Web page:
Why I wrote this book: Since my day job is as a practicing attorney, people have been asking for years when I was going to write a "legal" thriller. Most of those, however, have a very distorted view of how law practice actually works--you don't have just one client or case, your clients aren't always innocent (even though they may not be guilty of what they're charged with), you worry about getting paid, etc. I've also wanted to write a classic hardboiled P.I. novel, the one where the world weary and cynical sleuth finds he has a heart and a soft spot for the underdog. So this one, I hope combines the two.


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He was tipped back in one of my client chairs, head thrown back, his leather cowboy hat pulled down over his eyes. His long gray ponytail hung straight down, almost reaching the floor. A battered leather satchel sat next to the chair. He had his Tony Lama boots propped up on the desk and his hands folded on his chest. He looked like he was asleep.
“Voit,” I said, raising my voice slightly, “I ever come in your place and put my feet up on your bar?”
Slowly, he raised the hat and looked at me for a long moment. “Don’t recall that, no,” he said.
“Then why don’t you do me the same d*mn courtesy?” I knocked his feet off my desk with my free hand. He wobbled for a moment in the chair before it tipped forward and brought him upright with a thump. He sat straight up and glared at me.
A lot of people would have called me crazy for laying a hand on Voit Fairgreen. He’d shot men for less, or so the legend held. He’d never been charged with anything above a class G felony, and thanks to me, he’d mostly avoided jail time for those. Mostly. But people who’d made him angry or crossed him in his diversified businesses—drugs, gambling, non-tax-paid cigarettes and alcohol--had a habit of dropping suddenly out of sight and not coming back. All that said, with some clients you have to take a stand damned quickly, or they’ll make your life miserable. Voit Fairgreen definitely fell into that category. Plus, he obviously needed me, or he wouldn’t be here this early, so I figured I was fairly safe.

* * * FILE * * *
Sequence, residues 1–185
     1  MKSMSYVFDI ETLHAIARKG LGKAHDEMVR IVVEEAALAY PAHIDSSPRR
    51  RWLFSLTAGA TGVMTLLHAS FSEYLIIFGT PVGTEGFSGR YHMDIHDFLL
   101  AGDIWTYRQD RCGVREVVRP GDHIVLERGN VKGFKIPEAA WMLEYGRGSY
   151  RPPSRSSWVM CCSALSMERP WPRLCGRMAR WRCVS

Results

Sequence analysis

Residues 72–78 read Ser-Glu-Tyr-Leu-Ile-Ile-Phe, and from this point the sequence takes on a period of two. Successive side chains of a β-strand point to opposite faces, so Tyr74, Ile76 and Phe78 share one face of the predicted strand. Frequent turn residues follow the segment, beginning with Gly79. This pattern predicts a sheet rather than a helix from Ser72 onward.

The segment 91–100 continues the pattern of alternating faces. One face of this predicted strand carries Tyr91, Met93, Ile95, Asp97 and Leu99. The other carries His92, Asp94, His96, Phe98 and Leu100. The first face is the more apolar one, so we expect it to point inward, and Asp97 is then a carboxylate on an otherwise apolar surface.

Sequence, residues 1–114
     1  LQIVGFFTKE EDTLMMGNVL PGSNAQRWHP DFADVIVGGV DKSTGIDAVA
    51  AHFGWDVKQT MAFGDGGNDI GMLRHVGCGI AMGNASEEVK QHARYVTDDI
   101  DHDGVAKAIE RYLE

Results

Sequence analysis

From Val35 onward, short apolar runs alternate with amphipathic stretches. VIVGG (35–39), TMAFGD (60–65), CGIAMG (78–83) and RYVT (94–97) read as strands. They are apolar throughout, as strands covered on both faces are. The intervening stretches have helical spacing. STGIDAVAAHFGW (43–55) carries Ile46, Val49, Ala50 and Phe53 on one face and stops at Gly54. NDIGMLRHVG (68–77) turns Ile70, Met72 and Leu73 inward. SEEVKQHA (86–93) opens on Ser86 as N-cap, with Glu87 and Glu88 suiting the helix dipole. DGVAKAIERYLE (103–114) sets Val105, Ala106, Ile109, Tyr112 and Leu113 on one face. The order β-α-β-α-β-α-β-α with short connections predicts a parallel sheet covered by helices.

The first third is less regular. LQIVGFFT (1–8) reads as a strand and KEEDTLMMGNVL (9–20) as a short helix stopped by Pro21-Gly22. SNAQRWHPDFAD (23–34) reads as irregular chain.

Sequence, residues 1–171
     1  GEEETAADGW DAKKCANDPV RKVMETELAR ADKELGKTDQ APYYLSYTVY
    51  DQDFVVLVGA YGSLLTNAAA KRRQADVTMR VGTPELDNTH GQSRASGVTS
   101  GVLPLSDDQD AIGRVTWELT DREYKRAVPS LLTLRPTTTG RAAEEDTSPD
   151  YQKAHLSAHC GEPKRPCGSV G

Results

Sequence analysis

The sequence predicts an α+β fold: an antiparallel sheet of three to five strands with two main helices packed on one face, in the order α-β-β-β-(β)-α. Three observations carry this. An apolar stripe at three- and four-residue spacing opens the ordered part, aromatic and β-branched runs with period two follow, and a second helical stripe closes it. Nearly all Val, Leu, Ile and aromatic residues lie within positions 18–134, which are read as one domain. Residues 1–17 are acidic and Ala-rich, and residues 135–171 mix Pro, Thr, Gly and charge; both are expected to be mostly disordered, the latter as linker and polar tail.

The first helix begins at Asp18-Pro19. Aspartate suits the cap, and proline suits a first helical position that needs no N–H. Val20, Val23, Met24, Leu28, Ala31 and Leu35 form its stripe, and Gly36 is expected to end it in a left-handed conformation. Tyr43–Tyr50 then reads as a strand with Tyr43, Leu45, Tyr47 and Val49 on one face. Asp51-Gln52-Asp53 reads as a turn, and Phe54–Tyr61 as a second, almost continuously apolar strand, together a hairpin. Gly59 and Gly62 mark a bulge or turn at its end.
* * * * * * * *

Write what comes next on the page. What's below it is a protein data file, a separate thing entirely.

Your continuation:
I sat down in my chair. “So what can I do for you?” I asked pleasantly.
His eyes were still narrowed, but his voice was calm as he said, “I come to talk about Danny.”
“Ah,” I said. “And how is the white sheep of the Fairgreen clan?” Of the five brothers and three sisters that Amos and Paulette Fairgreen had inflicted on an unsuspecting world, Danny, the baby of the family, was good-looking, a gifted athlete, and the only one who showed any promise of being worth a d*mn.
“You ain’t heard, then?”
I shook my head.
“He’s in the jailhouse.”
“Huh. What’s he charged with? DWI? Possession?”
Fairgreen’s shoulders sagged. “They say he kilt somebody.”
I put my coffee cup down. “Hold on just a second.” I picked up the phone and hit a button. “Chuck,” I said, “I’m going to need you to cover the calendar call for me this morning. Max has the files. Continue what you can, handle what you can’t.” I hung up the phone, cutting off Chuck’s questions. He’d figure out what to do. He’d passed the Bar only three weeks ago, but being tossed into the deep end without water wings is the lot of the young associate.
“Now,” I said. “Who’s he charged with killing?”